I'd like to take a few minutes to share with you a story. One where a CEO of a medical device startup does not feel or seem to appreciate the time, effort, and energy his team is about to spend documenting Design Controls, Risk Management, and a Quality Management System. While the names have been changed, these events are true . . .
If you've met me or have read blog posts and articles I've written, you have probably figured out that I have a strong passion for Design Controls. Earlier today, I had a chance to provide some training to a company venturing into the regulated medical device world. Can you guess the training topic? Yep. Design Controls. It's a topic I've been passionate about for quite some time. Which is one reason I authored The Ultimate Guide to Design Controls a few weeks ago. Hell, Design Controls is why I co-founded greenlight.guru. After the training earlier today, I was giddy. Like a kid. I can feel my eyes twinkling a bit. And I know why. I don't believe I've ever shared with you why I enjoy Design Controls so much. So let me tell you a...
Defining when Design Controls begin is up to you. Okay, to a point. Let me state this another way. You get to establish your company procedures for Design Controls, including what the "trigger" is to move you out of research (or feasibility or whatever you call pre-development) and into official product development.
Design Controls PhilosophyTo illustrate part of what has formed my personal Design Controls philosophy, I need to go back in time about 12 years. I had the title of Design Control Engineer for Cook Medical. When put into this role, I was given two broad objectives.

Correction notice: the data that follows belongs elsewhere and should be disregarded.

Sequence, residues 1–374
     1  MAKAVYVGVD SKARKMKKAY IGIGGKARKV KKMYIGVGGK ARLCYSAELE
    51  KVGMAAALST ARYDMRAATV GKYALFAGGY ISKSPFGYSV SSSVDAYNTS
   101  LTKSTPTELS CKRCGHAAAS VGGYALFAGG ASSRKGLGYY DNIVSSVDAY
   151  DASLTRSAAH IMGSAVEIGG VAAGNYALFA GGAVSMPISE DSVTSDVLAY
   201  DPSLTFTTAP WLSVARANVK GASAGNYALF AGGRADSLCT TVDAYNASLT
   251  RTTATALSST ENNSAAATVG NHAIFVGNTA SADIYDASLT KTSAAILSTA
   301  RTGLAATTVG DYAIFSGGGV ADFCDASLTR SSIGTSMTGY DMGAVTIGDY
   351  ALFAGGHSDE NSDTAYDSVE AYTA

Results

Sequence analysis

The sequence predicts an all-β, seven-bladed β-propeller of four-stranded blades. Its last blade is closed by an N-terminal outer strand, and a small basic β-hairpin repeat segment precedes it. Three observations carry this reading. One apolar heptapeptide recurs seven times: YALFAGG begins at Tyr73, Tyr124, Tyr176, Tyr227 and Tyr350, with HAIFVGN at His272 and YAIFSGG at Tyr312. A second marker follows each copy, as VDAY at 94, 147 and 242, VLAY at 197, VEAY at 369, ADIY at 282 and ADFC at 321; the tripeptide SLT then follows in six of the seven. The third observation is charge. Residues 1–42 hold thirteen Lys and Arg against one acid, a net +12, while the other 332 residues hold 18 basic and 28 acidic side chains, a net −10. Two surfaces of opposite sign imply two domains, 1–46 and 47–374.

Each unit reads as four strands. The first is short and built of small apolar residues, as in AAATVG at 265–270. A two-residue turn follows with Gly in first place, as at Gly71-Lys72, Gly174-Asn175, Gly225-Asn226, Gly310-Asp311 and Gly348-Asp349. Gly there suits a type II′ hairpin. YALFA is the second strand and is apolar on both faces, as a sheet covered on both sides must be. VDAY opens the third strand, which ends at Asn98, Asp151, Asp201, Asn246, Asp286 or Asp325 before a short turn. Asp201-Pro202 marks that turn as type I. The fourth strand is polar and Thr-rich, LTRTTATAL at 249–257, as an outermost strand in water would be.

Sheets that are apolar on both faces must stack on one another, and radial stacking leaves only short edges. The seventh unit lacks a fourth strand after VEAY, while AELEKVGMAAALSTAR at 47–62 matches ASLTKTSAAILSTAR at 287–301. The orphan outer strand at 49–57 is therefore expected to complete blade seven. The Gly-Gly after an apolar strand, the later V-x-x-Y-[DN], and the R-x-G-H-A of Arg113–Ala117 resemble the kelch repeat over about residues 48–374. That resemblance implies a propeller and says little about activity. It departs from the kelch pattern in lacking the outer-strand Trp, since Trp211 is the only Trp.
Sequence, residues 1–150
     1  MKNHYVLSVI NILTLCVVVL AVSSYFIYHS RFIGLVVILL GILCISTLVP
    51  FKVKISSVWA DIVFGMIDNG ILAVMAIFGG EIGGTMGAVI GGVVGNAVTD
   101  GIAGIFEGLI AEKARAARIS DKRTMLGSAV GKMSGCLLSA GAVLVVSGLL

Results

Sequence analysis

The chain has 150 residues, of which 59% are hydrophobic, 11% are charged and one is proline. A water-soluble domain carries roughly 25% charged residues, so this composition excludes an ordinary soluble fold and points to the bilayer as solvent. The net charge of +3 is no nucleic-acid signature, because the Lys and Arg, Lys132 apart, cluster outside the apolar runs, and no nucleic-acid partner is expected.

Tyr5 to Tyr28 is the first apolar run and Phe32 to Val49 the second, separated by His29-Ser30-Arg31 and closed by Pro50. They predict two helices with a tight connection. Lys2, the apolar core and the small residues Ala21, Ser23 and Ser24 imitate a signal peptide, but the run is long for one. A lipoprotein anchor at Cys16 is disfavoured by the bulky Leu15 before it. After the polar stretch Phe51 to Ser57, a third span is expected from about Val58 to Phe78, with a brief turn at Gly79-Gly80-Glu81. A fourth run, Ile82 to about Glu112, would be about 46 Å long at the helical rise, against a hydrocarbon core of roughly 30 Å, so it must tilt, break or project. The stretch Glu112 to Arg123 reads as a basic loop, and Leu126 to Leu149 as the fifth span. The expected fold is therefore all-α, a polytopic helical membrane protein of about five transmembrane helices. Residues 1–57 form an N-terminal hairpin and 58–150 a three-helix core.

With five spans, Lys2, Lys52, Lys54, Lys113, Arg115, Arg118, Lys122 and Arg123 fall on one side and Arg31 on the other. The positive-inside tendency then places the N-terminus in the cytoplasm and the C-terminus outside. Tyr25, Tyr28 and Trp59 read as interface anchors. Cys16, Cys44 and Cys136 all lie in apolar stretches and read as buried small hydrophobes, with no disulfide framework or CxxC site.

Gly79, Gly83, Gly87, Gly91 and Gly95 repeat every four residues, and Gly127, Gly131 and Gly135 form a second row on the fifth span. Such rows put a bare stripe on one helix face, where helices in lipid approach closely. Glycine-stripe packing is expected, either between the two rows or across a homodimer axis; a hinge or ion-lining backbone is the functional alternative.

- Improve the consistency and practices for product development and Design Controls at Cook, Inc. (the flagship company).
- Establish a consistent framework for product development and Design Controls across Cook Medical (consisting of 11 companies spread over 4 states...
During the past few years, there is one topic that sticks out more than anything else: medical device complaints. It seems to be that complaints is controversial and definitely misunderstood. Complaints are viewed as negative. [caption id="attachment_6694" align="alignnone" width="300"] Embrace complaints to improve[/caption] Medical device companies seem to want to avoid complaints because of the negative stigma. Yet I think "avoid" is the wrong verb in this case. I think actually companies may want to ignore them. You know as well as I that ignoring something does not mean it will go away. And ignoring medical device complaints is not a good idea. Instead, you need to figure out two things:
- What can you do to reduce the number of complaints?
- What can you do to manage and...